Shrines of British and Irish saints in Germany
Churches and monasteries in Germany constitute a shared heritage of British and Irish missionaries who converted the forefathers of the Germans to Christianity.
|Fulda Cathedral, shrine of St Boniface (‘Apostle of the Germans’), left, and St Michael (patron saint of the Germans), right (Photo: Verum, Wikimedia).|
The renowned scholar of the medieval period Norman F Cantor called him ‘one of the truly outstanding creators of the first Europe’, Roman Catholics revere him as the ‘Apostle of the Germans’, and in 1980 Pope John Paul II and an estimated crowd of 100,000 paid their respects in front of his shrine. But most people in the UK may not know of St Boniface, let alone of his fellow missionaries from Northumbria and Wessex who sacrificed their lives to spread the Gospel among the peoples beyond the Rhine and Danube.
As the Hiberno-Scottish and Anglo-Saxon missions on the continent during the 7th and 8th centuries have been subject to almost nationwide memory loss, only a minority of people in Britain will be aware that it was British and Irish missionaries who converted the forefathers of the Germans to Christianity. Today, in a secularised society, such an achievement may be regarded as largely irrelevant, but in the context of cultural export and integration their contribution remains immeasurable. It was these courageous and selfless but ultimately immensely influential individuals from places such as Ripon and Exeter who triggered the century-long process of turning pagan Germania into Christian Deutschland.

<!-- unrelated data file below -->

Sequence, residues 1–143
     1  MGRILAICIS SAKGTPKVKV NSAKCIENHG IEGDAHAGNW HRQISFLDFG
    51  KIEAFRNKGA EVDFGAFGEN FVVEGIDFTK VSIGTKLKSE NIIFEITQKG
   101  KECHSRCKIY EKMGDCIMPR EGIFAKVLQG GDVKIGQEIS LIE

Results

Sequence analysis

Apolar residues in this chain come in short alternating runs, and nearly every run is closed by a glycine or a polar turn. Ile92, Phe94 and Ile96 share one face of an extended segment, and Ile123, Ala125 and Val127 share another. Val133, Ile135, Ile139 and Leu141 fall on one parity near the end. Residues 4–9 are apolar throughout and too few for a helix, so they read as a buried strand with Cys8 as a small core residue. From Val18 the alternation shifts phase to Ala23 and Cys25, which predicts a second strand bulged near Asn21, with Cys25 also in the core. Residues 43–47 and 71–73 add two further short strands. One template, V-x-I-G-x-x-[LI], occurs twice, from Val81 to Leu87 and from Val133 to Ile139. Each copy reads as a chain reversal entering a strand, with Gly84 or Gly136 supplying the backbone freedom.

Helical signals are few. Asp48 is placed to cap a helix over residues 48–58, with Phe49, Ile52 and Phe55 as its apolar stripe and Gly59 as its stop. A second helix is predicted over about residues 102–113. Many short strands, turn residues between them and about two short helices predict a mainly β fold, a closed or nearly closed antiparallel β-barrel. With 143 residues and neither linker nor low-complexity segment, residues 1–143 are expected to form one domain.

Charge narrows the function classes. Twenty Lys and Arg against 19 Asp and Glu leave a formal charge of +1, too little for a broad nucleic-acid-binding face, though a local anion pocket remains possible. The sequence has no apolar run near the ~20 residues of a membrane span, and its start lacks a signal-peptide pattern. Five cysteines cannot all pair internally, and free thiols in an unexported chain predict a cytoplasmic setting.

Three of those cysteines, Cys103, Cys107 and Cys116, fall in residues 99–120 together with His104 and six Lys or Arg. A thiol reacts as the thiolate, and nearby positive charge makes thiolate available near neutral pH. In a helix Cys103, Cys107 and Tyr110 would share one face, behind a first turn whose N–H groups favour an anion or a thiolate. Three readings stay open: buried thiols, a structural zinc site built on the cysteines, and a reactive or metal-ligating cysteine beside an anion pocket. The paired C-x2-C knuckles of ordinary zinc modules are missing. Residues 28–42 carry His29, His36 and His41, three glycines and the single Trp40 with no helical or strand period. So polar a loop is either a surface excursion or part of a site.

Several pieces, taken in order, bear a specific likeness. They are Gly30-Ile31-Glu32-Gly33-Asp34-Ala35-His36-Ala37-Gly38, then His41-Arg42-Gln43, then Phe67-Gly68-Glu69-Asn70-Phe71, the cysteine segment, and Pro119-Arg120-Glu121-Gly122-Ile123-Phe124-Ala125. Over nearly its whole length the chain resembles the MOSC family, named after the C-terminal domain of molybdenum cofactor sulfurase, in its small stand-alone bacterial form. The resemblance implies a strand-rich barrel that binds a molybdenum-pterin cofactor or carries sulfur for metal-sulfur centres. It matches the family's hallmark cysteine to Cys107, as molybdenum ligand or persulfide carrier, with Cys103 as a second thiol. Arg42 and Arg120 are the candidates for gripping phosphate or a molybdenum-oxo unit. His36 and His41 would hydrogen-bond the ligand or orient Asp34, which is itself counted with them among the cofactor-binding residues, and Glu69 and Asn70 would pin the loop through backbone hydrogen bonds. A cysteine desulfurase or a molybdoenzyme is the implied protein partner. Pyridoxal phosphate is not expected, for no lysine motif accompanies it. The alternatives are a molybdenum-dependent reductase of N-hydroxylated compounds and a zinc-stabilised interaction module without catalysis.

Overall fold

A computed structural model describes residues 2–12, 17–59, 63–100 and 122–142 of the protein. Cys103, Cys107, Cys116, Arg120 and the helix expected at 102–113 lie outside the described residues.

The first missionaries to set sail for the continent were itinerant monks from Ireland. Throughout the 7th century they remained active in what had been the Celtic fringe of the Roman Empire north of the Alps. Avoiding the ancient Christian communities along the Rhine and concentrating instead on the Black Forest, Lake Constance, and the Salzach, Danube, and Main regions, they preached, founded monasteries and promoted cultivation on all levels. The second wave in the 8th century saw missionaries from religious centres in the newly Christianised Anglo-Saxon kingdoms travelling to their distant pagan relatives on the continent (Saxons, Frisians, Thuringians and Hessians). They were instrumental not only in converting the population but in the establishment of the church as an organisation within the Frankish Empire.
During the 11th century a third wave of Gaelic monks founded monasteries in Franconia and Bavaria in an already Christianised society. Like their forebears, these Irish migrants became known under the joint Latin name used for the Gaelic-speaking Irish and Scots, ‘Scot(t)i’, which led to the term ‘Schottenklöster’ (Scots monasteries) for their monastic foundations in Germany. Together these three groups of canonised preachers and founders from England and Ireland left behind a rich tapestry of churches, monasteries and even cathedrals across southern, western and central Germany. The church buildings successively erected on the sites of their martyrdom or their area of activity have served as shrines for their relics and as centres of their commemoration ever since.